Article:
b. If the traffic calming study concludes the minimum criteria are not met (hence the traffic safety concern is
not verified by the data); the request for physical traffic calming will be nullified. Staff can then discuss with the residents other options such as police enforcement or education. Potentially, staff could revisit with the neighborhood the possibility of striping or advisory signage that was assessed at the beginning of the traffic calming process.

c. If the traffic calming study indicates that the traffic conditions in the neighborhood meet the criteria staff will define the neighborhood and impacted streets to consider any other potential unintended traffic impacts that these solutions may create, identify possible traffic calming surveys, and convene a neighborhood meeting. 

Step 4: Neighborhood Engagement
At the neighborhood meeting, the goal is to present:

  • Traffic data and proven strategies for specific traffic issues;
  • Fiscal Impact (cost, funding options);
  • Neighborhood preference for specific types of solutions; and
  • Timeline

If the consensus at the neighborhood meeting is to proceed with the development of a traffic calming plan, staff will prepare options for physical traffic calming devices to address the neighborhood issue (e.g. speed humps, roundabout, etc.). In addition, the Police Department will be engaged to deploy speed trailers, or other available tools, as interim measures to use during the community planning process.

If necessary, staff will then convene an additional neighborhood meeting to present the proposed traffic calming devices and determine neighborhood preference. If the neighborhood and staff agree at the first meeting on a desired approach, a second meeting may not be necessary.

Step 5: Postcard Vote
To affirm neighborhood support, a postcard vote will be conducted and will require the support of 67% of residences in the project area (one vote per residence). Only residences that are directly affected and are located on the segment of the street in question, or on cul-de-sacs or courts directly connected to the street will be included in the notification/voting area. If a project does not receive 67% support, staff will report results to the neighborhood and determine next steps.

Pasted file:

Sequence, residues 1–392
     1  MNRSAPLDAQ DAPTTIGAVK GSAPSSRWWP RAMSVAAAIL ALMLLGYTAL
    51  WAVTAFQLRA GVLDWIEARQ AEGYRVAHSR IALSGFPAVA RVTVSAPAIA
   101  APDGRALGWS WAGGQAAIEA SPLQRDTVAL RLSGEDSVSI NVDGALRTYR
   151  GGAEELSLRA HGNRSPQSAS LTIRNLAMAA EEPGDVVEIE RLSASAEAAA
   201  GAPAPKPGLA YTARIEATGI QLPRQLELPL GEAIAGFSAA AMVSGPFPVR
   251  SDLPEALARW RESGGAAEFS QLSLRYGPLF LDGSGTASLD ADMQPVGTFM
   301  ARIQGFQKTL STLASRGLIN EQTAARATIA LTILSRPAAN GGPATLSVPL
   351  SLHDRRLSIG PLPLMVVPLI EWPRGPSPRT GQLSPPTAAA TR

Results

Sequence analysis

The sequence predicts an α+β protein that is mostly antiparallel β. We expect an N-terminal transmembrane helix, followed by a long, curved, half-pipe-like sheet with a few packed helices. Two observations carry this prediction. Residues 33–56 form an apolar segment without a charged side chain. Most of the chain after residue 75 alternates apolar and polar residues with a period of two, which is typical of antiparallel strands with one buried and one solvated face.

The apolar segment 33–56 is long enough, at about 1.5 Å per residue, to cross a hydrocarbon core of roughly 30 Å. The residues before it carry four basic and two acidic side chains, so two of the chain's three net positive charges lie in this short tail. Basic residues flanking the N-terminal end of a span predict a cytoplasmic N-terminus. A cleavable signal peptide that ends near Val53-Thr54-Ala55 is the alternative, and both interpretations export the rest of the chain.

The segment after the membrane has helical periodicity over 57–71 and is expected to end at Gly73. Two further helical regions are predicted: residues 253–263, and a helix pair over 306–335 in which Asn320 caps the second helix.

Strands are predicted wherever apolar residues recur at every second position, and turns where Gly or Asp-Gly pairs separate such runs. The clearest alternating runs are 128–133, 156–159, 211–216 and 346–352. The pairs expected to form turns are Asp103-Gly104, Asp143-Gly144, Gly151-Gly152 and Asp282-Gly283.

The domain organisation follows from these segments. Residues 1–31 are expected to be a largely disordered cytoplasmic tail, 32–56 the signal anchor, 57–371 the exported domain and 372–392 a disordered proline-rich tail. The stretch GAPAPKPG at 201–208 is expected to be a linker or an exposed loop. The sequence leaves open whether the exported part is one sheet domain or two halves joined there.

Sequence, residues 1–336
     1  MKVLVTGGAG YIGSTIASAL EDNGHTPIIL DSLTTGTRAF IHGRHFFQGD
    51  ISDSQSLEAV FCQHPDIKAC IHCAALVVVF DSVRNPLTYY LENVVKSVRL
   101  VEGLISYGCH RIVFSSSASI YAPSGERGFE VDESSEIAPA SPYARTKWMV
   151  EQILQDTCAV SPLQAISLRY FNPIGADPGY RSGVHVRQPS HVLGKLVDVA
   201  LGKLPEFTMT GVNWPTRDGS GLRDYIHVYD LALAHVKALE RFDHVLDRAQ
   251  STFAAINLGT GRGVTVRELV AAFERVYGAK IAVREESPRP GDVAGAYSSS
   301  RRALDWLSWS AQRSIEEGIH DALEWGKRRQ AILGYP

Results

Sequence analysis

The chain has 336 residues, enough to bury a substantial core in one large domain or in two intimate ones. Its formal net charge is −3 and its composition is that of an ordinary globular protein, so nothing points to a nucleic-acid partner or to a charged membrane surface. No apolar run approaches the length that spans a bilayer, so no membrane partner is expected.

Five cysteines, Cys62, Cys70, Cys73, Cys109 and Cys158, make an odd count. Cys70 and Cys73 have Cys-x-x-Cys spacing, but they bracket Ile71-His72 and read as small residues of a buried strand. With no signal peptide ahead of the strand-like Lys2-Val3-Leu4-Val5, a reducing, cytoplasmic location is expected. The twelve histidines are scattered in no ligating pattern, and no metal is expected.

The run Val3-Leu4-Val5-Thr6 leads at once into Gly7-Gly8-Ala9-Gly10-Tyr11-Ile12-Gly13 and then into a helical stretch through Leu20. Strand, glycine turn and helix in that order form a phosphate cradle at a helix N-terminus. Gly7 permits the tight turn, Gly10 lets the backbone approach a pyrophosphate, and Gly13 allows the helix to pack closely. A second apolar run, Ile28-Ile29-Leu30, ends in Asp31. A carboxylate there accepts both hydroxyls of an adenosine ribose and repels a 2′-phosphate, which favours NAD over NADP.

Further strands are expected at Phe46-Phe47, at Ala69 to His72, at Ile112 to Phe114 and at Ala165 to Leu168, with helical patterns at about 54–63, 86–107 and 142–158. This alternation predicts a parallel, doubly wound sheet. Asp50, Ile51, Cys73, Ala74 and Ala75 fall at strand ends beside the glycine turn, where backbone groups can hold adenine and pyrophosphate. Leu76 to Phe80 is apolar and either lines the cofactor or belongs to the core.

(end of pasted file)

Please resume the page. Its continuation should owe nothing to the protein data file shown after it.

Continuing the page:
Step 6: Approval
For projects with 67% support for a physical traffic calming measure, staff recommends that the City Council review the project and allocate funding. Projects with non-physical measures such as striping or signage are recommended for approval by the Public Works Director. 

Step 7: Installation
Once a project receives approval and funding by the designated body, staff will prepare final plans and specifications for implementation. 

Step 8: Evaluation
The final step in the traffic calming process takes place within one year of installation. At that time, a new traffic study will be conducted to determine the effectiveness of the installed traffic measure. Both the neighborhood and City Council will receive a copy of this report. Staff estimates that the traffic calming process, following the receipt of a neighborhood petition, will take approximately six to twelve months.

FUNDING
The NTCP will be funded from the Capital Improvement Program Reserve funds. The amount will be determined each year during the review and approval of the five-year Capital Improvement Program budget. It is anticipated that funds will be used for:

  • Traffic Calming Studies (data surveys)
  • Traffic Calming Projects (low cost traffic calming measures)
  • Program management (staff time), including community meetings